OHS Canada Magazine

‘Quite the experience’: Rescue team provides more details about N.W.T. plane crash

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January 8, 2024
By The Canadian Press

Health & Safety Aviation Safety northwest territories rescue

A CC-130 Hercules aircraft from 436 Transport Squadron arrives in Yellowknife to assist in the evacuation of citizens as part of Operation LENTUS 23-07 on 17 August 2023. Photo: Sailor 1st Class Patrice Harvey, Canadian Armed Forces Photo.

The call came in around mid-afternoon on one of the last days of December.

A team of Royal Canadian Air Force members based in Winnipeg was contacted after the Joint Rescue Co-ordination Centre in Trenton, Ont., received word of a plane going down in a remote area of the Northwest Territories and 10 passengers were stranded in Canada’s Arctic.

Within minutes, a crew, including three search-and-rescue techs, boarded a Royal Canadian Air Force CC-130H Hercules aircraft and made the three-and-a-half hour flight to the crash site 300 kilometres northeast of Yellowknife on Dec. 27.

The team was met with high, blistering winds, blowing snow and low visibility. It would take some time before the search-and-rescue members would be able to touch ground.

Once the cloud layers reached a designated height above ground, and it was deemed safe to parachute down, the rescuers made the 600-metre jump.


“It’s like any other training jump we do, except the wind was a bit higher and the visibility was reduced,” said Sgt. Vincent C-Benoit, the team lead for the search-and-rescue mission.

C-Benoit, 34, said these types of rescue missions are more common than people realize, but it was the first time he took part in one of this size.

“Ten survivors on the ground, it’s a first for me.”

The rescue made national headlines after the passengers and the crew were stranded overnight, relying on food and supplies brought by C-Benoit and his team. Heated tents, toboggans loaded with food, clothing and sleeping bags, along with equipment to treat hypothermia, were parachuted down either on their own or attached to those who made the jump.

“We took care of them all night. We fed them a hot meal and we treated their medical conditions until the morning at sunrise when we were able to get extracted via three helicopters,” said C-Benoit.

The Air Tindi Twin Otter carrying two pilots and eight passengers crashed near the Diavik Diamond Mine. The passengers were heading to a camp to begin construction of a winter road.

A preliminary report from the Transportation Safety Board determined the plane, which was fitted with skis, was travelling from Margaret Lake to Lac de Gras in the territory when it crashed as it was attempting to land on the lake.

The president for Air Tindi previously said it was cold and windy at the crash site, which hampered an immediate rescue. Some of the passengers were injured and required medical care.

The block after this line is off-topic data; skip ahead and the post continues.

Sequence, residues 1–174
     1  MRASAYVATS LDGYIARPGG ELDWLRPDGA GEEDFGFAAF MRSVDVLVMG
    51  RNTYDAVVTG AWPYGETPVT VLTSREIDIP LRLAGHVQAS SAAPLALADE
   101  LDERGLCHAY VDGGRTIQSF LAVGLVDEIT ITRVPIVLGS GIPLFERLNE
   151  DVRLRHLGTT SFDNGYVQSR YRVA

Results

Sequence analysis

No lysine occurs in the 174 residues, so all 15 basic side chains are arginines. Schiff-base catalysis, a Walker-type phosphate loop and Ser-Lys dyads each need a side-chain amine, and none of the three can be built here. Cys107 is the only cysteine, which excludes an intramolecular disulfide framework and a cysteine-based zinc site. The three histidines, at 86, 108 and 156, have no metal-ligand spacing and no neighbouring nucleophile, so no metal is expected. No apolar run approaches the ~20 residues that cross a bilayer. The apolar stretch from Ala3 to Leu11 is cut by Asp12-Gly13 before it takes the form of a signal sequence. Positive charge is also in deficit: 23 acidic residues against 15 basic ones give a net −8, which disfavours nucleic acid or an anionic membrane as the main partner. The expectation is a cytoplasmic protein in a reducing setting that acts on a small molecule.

When military crews arrived, they were met by a group of passengers who had crafted a makeshift shelter to protect themselves from the winds. The rest of the passengers were still inside the plane due to their injuries.

“Everybody was happy to see us,” said C-Benoit.

“All the patients improved throughout the night, so the morale was good. … They’re all good people.”

An emergency response team from Diavik arrived on snowmobiles and assisted with providing medical aid.

While crews were helping on the ground, Capt. Jason Shaw, an aircraft commander, and others aboard the Hercules aircraft were assisting from the air.

“We’re just communicating what we see. We’re building up a picture outside of the area around the crash site and the crash site itself so that everyone in the crew we have has a good situational awareness of the area and we’re sure that the area is safe for us to operate,” he said.

“Once (search-and-rescue) did the initial assessment, they started calling for the survival equipment that they would need overnight. So we were able to drop all that stuff by a parachute to the crash site as well.”

Shaw, 42, was also in charge of preparing the parachute crew for landing. This involved a technique where crew members drop flares around the crash site from different levels in the sky.

“Their entire jump essentially is illuminated so they can see when they land,” he said.

The group was stranded for 14 hours before helicopters were able to pick them up the following morning. They passed the time sharing stories, sleeping and eating military rations, which C-Benoit quipped are “actually quite good these days.”

The territorial government would not comment on the extent of the injuries, citing patient privacy. However, the government said the Stanton Territorial Hospital assessed those on board the plane and all were “considered stable.” No one was admitted to hospital.

C-Benoit said he is proud of the work he and his team did and will remember the relief the passengers felt when they were eventually greeted by loved ones.

“It was quite the experience for everyone.”

— By Brittany Hobson in Winnipeg


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